How did we get here?
The irony is we have dedicated our last seven years to the research, testing and promotion of high phenolic olive oil – hence the Aristoleo Awards – and here we are being called to stand squarely in our beliefs. We have initiated a trailblazing pilot study with Athan as sole volunteer for an oleocanthal injection to prove the cancer killing properties of this remarkable phenolic compound on the prostate cancer cells. Could this be a cure? Perhaps and perhaps not. But it may just be a more natural and human treatment to keep cancer at bay and prolong life without compromising its quality until there is a cure. This will change the lives of thousands of men who are diagnosed and face limited options.
A dancer reveres his body in ways that few do. Athan is no different and being the poster boy for prostate cancer was not on his vision board of fame and success. However, he is a realist and is facing this challenge as an adventure in service to a greater good. A more natural and humane treatment for prostate cancer. Athan is not relying solely on this, but continues to research nutrition, supplements and immune system supporting treatments.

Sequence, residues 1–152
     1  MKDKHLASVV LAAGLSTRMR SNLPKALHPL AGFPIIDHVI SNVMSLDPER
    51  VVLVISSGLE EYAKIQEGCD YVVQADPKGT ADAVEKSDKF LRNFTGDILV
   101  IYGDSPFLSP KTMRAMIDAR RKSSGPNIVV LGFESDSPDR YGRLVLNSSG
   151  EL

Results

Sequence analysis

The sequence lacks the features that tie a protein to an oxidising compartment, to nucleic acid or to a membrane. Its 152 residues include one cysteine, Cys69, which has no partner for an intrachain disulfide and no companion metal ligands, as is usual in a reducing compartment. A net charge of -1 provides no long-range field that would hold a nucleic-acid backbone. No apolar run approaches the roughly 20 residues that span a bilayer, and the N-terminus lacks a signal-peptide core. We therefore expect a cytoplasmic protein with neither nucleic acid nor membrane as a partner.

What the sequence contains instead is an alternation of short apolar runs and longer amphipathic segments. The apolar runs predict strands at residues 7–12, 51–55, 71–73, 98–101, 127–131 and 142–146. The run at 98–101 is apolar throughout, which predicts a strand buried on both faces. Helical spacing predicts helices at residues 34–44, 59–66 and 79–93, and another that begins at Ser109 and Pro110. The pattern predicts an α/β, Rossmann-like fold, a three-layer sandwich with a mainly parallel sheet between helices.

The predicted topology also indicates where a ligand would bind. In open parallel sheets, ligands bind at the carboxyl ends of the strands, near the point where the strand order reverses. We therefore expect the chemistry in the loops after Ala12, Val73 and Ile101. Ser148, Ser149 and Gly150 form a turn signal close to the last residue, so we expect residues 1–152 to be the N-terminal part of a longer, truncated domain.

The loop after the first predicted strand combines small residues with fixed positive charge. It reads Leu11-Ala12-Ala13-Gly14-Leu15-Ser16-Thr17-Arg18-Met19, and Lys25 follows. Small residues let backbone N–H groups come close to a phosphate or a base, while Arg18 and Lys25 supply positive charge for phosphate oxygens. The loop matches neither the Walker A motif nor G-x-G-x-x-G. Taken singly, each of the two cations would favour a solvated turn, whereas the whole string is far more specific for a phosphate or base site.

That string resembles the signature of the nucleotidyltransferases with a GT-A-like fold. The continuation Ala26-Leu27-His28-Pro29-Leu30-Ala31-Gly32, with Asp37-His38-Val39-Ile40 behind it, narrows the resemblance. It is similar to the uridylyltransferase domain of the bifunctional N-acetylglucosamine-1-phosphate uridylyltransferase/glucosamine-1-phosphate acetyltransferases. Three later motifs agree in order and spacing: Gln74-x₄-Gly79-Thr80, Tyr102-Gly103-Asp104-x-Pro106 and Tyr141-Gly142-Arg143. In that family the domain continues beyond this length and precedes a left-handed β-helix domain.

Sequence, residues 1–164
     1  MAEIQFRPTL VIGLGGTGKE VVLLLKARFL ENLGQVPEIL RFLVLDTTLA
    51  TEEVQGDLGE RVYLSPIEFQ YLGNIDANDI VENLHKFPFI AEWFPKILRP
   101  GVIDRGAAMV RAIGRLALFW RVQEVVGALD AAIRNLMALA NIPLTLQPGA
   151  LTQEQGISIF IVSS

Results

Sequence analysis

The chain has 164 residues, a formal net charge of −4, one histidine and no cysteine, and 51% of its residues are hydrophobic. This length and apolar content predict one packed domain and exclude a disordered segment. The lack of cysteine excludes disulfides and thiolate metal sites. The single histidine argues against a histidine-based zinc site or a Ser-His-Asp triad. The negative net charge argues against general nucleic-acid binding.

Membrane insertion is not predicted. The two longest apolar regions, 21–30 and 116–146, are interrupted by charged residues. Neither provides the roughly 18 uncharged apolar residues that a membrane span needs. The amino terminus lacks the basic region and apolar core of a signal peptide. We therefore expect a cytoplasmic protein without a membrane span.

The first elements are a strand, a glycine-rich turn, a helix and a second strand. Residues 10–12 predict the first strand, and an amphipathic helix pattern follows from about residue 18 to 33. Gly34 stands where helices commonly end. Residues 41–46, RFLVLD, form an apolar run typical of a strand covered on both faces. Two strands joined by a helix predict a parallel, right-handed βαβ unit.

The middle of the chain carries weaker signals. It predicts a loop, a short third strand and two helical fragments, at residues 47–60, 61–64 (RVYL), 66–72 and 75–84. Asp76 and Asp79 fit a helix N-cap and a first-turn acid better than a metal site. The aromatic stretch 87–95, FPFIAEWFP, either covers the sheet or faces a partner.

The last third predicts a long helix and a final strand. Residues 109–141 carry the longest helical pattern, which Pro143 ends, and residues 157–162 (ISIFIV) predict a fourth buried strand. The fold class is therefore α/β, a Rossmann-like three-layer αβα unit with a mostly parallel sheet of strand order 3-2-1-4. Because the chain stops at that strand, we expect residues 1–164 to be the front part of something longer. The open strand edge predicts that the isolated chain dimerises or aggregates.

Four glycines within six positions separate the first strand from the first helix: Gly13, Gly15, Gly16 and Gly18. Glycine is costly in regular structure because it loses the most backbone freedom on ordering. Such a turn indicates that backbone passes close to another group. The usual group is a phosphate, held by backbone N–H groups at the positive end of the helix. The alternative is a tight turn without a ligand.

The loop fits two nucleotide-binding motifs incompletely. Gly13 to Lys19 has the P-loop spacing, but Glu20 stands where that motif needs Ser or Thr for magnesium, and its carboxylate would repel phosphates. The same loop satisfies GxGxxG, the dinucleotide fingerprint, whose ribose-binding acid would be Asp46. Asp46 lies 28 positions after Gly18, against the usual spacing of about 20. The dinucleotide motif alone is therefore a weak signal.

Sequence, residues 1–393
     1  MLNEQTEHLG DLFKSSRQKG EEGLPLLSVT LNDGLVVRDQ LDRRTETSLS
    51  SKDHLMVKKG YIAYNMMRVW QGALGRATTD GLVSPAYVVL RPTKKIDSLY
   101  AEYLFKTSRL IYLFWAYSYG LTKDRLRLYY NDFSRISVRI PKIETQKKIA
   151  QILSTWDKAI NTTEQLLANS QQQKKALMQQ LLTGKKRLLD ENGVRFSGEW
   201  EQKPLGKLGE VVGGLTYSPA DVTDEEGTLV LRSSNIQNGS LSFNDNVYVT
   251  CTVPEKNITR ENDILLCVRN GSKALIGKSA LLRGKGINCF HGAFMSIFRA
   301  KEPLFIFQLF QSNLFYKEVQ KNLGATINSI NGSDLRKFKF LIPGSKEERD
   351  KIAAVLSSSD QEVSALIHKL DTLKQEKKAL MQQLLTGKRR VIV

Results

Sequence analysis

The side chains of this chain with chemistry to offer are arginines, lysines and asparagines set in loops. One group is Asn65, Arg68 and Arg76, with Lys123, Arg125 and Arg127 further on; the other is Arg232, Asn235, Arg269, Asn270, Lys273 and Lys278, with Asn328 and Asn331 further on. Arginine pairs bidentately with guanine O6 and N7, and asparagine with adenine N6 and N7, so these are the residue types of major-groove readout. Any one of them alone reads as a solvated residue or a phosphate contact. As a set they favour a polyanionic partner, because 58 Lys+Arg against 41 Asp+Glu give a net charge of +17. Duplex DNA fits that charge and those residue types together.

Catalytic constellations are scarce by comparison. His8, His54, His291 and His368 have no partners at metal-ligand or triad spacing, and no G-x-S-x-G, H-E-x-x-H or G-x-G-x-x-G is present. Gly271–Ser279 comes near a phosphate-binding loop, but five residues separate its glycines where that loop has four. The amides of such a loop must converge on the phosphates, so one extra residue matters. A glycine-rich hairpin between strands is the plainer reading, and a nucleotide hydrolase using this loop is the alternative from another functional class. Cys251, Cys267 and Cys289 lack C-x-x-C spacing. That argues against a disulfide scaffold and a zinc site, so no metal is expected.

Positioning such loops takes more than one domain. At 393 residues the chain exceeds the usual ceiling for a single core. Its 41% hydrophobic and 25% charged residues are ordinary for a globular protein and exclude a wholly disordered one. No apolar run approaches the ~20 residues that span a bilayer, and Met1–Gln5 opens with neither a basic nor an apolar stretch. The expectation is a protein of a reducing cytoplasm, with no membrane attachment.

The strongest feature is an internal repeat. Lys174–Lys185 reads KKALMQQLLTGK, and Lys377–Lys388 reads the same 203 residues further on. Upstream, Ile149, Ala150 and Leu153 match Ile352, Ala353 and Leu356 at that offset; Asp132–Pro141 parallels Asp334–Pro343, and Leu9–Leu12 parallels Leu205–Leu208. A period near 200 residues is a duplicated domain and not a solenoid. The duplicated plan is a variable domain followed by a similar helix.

How many people say that cancer or some other cataclysmic life event changed their life forever. Priorities shift, relationships deepen, lifestyles change, communication becomes more intimate and the soul gets to be heard.
My deepest experience is that the Life Force within us has an expression unique to each of us. We are called to fulfill this in a way that only we can. And as long as we subjugate the heart to the head, the excellence of the soul to the mediocrity of conventional, we suffer psychologically and/or physically. To draw this expression out when we resist, Life will use any and all resources – including cancer to get our attention and tell us “you are out of harmony”. Does this mean Athan has to become a dancer? Not at all, it means that he now has to dance with Life. Harmonize body, mind and spirit
And how was the dance that day?
In a word, EPIC. The name of the dance is “Resilience”. It is prophetic that 38 years later Athan would prove that resilience and astound an audience with a performance that was inspiring, riveting and joyful. There, in the poster hanging on the wall, is Athan accompanied by Stephen Horenstein as young men. Now, Athan is leaping again – into a future that is unknown but exhilarating in that very mystery called Life.
Following the dance – and yes Athan transited from sports jacket to leotard and back again – he presented the 4th Annual Aristoleo Awards for High Phenolic Olive Oil and Table Olives. It didn’t seem odd at all. At the close of the presentations, Athan shared the inspiration for the Prostate Cancer Pilot Study.
Me agapi – with love,